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Boyhood (I) (2014)
12 years in the making.
Filmmaker(s): Richard Linklater

The film tells a story of a divorced couple trying to raise their young son. The story follows the boy for twelve years, from first grade at age 6 through 12th grade at age 17-18, and examines his relationship with his parents as he grows.

Boyhood (I) (2014)

Students, Teachers, Dogs

When I watch a reasonably well built film, I cruise at two levels. One is the excellence of how I am captured by the way the narrative unfolds in a world I am seduced into maintaining (and possibly cocreating). The other gliding level has to do with how well I value that world.

Sometimes this focuses on the story itself, but usually for me we are talking about how deeply the surrounding, often just implicit, world has affected me. And whether I want to incorporate it into my worlds in some way.

Herzog for instance. His early films are profoundly affecting. The best of these are those that have the least of him in them. Once he got control of the wild process he pioneered, you start to see his world become clear.

That world is much like his style: It has a stylized plateau from which it can observe itself, introspective and formal. But the ground of reality is capricious, dangerous. Fate is angry and you enter expecting to be hurt. Once a foot is placed here, you can never fully escape, you can only retreat temporarily to beautifully see the damage, or potential damage. I still watch the man.

I can trust him to engage me and take me where I would not go. Uncomfortable places. But it is real work afterward to tease out who I am and how my world is different.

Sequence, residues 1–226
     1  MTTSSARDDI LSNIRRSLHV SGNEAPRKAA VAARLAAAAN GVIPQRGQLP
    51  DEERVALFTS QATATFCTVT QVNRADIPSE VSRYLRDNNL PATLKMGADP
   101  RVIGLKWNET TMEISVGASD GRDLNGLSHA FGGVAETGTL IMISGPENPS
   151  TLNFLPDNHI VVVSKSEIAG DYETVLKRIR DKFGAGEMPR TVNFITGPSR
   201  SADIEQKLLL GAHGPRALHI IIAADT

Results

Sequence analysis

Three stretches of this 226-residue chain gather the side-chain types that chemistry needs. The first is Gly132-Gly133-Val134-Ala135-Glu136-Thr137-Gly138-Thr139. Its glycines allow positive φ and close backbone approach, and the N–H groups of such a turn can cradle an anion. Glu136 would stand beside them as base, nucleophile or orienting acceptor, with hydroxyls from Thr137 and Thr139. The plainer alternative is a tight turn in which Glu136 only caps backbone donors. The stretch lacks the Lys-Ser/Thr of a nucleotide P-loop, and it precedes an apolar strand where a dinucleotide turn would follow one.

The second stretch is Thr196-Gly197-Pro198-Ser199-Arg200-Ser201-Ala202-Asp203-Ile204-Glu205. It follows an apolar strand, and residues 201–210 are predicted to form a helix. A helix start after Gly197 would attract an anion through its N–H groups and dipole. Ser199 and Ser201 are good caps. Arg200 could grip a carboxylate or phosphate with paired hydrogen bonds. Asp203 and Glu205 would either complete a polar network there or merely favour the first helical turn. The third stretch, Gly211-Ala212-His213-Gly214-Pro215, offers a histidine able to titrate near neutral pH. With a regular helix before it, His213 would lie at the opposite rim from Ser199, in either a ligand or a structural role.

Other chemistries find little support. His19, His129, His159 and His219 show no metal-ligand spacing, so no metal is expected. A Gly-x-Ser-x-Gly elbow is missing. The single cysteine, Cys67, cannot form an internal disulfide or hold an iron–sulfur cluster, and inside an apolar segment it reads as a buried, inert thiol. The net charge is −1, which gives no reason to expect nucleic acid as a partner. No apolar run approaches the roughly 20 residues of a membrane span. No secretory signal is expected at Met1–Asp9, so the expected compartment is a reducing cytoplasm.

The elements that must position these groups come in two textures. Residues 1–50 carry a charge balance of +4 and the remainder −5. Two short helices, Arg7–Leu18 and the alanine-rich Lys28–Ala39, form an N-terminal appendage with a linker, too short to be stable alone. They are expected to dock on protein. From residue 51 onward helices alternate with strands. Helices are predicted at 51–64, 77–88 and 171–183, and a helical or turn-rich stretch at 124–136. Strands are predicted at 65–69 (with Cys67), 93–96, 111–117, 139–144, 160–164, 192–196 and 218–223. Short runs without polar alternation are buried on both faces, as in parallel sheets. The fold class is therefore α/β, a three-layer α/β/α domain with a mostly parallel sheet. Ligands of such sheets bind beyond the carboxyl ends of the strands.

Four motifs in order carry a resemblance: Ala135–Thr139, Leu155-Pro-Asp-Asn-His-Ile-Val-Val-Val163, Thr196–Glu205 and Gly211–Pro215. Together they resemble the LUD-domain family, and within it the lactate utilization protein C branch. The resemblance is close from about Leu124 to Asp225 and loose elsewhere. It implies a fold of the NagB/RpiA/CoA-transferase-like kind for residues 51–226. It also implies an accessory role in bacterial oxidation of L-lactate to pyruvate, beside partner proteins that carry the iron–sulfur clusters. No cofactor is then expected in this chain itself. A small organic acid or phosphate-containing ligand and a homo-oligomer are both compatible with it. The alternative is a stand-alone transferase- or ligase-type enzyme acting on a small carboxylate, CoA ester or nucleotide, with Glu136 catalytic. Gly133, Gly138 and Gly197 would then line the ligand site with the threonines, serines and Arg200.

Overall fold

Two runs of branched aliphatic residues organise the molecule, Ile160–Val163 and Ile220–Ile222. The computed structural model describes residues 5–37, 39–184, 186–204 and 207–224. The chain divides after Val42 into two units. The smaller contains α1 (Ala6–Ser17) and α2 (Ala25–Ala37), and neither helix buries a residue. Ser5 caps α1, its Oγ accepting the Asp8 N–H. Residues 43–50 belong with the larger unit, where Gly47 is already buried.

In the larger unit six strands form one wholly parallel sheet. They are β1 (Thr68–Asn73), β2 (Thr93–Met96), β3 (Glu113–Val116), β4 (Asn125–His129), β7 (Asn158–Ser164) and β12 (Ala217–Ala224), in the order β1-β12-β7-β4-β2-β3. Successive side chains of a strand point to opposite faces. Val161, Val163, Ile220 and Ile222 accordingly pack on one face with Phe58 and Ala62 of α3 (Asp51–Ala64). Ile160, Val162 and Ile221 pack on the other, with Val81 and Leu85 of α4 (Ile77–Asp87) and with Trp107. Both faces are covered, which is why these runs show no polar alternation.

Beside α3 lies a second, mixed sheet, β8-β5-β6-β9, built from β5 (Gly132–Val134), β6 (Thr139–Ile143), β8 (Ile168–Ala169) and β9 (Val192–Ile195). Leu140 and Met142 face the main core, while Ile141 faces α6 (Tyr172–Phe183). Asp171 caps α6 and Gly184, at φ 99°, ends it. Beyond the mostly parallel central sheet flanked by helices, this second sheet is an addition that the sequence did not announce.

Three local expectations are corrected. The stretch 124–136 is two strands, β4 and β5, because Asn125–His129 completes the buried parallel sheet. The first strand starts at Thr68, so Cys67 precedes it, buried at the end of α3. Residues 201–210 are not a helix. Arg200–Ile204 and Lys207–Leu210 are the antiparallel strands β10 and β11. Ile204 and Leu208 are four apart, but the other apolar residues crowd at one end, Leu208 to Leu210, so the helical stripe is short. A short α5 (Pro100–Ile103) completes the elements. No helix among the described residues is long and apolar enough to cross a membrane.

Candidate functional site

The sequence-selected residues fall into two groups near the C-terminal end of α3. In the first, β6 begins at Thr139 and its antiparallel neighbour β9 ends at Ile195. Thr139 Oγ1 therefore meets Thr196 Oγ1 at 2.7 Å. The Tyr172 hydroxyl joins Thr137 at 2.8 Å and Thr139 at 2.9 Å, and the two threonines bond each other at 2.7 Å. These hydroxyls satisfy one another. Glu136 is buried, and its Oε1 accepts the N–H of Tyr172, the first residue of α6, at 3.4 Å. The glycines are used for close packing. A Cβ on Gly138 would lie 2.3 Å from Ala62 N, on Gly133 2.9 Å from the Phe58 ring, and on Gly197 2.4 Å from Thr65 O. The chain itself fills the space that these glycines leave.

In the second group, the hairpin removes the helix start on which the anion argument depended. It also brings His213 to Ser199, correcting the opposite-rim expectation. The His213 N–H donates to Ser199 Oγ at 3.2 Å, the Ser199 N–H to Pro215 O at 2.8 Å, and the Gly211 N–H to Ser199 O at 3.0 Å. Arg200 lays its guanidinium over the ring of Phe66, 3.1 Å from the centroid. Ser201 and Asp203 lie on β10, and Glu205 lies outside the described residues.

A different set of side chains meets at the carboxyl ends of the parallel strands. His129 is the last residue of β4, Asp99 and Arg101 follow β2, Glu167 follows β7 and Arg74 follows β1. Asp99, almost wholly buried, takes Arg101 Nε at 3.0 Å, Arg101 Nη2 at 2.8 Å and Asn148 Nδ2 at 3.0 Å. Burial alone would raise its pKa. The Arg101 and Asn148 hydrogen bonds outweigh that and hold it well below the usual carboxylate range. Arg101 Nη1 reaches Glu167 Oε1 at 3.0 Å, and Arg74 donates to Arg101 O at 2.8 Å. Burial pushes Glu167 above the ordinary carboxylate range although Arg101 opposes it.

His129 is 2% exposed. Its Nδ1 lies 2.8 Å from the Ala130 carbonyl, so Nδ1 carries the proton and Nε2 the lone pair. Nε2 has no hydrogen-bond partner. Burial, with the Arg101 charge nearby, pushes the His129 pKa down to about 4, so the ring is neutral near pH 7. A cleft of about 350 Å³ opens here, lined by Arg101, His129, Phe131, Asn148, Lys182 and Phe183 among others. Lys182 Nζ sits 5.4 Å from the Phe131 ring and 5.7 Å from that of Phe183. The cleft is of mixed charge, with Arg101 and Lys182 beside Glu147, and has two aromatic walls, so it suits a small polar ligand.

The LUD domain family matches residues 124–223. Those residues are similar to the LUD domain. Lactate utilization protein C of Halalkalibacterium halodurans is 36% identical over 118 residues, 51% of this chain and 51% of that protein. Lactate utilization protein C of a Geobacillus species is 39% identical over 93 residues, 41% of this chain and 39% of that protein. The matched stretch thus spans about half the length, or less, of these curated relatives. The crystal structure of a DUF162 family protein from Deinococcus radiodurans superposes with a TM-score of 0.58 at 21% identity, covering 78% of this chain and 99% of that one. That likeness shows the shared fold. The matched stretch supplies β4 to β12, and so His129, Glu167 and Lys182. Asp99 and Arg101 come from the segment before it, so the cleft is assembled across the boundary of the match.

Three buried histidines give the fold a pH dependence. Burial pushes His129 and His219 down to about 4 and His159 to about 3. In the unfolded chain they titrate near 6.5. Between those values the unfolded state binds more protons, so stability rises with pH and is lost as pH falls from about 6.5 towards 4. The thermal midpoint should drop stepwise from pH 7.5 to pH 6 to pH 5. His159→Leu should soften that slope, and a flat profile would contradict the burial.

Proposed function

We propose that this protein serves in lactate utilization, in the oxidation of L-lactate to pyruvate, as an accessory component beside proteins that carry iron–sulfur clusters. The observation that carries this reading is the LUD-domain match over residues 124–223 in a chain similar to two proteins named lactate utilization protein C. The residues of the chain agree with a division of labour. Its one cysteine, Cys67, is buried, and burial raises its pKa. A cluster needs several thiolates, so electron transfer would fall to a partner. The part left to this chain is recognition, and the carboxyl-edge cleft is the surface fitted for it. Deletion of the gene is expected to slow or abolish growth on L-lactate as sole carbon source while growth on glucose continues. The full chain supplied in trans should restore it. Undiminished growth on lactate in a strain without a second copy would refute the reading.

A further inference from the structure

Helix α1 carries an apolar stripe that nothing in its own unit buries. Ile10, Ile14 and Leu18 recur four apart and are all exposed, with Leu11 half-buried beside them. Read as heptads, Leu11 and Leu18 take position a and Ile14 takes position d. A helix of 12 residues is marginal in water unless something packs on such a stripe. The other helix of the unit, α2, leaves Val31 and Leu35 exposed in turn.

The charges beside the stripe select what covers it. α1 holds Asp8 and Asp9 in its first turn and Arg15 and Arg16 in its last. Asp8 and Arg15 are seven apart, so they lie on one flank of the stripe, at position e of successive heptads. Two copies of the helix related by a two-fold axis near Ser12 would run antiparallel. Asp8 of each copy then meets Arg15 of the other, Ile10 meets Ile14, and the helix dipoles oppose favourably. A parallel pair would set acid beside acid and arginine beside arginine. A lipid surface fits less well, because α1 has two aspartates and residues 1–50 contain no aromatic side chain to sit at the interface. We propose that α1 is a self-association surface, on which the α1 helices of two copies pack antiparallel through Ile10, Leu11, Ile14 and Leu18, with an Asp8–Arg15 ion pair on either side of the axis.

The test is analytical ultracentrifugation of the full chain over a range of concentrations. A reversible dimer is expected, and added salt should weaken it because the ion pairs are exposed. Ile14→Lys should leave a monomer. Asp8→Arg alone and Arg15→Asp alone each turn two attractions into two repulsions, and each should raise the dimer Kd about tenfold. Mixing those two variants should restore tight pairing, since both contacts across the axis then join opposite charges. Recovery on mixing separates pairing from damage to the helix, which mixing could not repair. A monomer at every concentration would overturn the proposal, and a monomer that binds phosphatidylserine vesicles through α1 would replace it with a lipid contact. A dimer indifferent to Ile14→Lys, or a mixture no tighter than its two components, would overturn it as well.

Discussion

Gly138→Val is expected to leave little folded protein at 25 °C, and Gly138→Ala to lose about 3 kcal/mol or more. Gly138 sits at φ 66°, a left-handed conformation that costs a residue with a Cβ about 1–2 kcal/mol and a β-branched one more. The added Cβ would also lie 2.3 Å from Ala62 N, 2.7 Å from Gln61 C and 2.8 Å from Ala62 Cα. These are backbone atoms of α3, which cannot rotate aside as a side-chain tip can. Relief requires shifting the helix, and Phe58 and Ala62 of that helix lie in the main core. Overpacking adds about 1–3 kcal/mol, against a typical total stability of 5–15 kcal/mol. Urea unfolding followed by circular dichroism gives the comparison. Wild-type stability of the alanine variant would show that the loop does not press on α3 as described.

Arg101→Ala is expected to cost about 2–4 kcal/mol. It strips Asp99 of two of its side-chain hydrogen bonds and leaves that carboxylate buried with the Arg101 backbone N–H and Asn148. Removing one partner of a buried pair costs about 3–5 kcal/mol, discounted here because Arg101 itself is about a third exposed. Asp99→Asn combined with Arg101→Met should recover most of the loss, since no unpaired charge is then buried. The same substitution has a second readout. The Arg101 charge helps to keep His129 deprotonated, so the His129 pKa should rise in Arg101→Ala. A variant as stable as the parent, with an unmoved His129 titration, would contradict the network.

I get something like this with Linklater. He is a natural cinematic storyteller, and has been from the beginning. And now we have this remarkable film. It really deserves a very, very long life and all the celebration I see.

It truly grabbed me and almost always I did not feel unfairly captured. Simple proximity beats drama any day if you can do it. Tension in repose has power; personal explosions can fill a screen quota but seldom touch. This does.

Oh, I have some quibbles about how the characters are tiered. We have our central kids who own the world we enter. This is as genuine as it gets in film. We have the two parents. Now this is background existence. We accept that because they are real as well, but real in a more filmic sense. Ethan Hawke is so trustworthy in this, I marvel. But we get a different world than that of the kids, and that’s deliberate. The third tier are the extra husbands, friends, other relatives, teachers and bosses.

Now these are ordinary narrative scaffolding, with traditional speeches borrowed from ordinary movies in tone and style. The kids are more real in this construction because the other tiers are not. But still, I got impatient as some of this went on. The real dilemma after entering Linklater‘s world and having it penetrate: what of it to use? What of it to respect as true in the tiers we build internally to live in?

Do I place it where the filmmaker has, as the way things are. The moment seizes us, and the best we can do is immerse and record? Linklater himself plays with these questions in some other projects and obliquely references them here as 'psychology.‘ And he sets distance from ordinary viewers by setting it in Texas.

A pledge allegiance to Texas?

Or do we take this, as I have today, as a background drama, being one reality among others that we gather to illuminate a life? I think this is what Malick intends in his similar project. Cinema must move relentlessly; this nature cannot be escaped. The viewer must accept the world in the way and at the pace the filmmaker decides.

This is a contract. But it comes with costs that prevent us mapping our real, true reality to that of a film that works to present a real, true one. We always have to shift it to one of the surrounding spheres we inhabit.

This is a three.

Posted in 2014

Ted’s Evaluation — 3 of 3: Worth watching.


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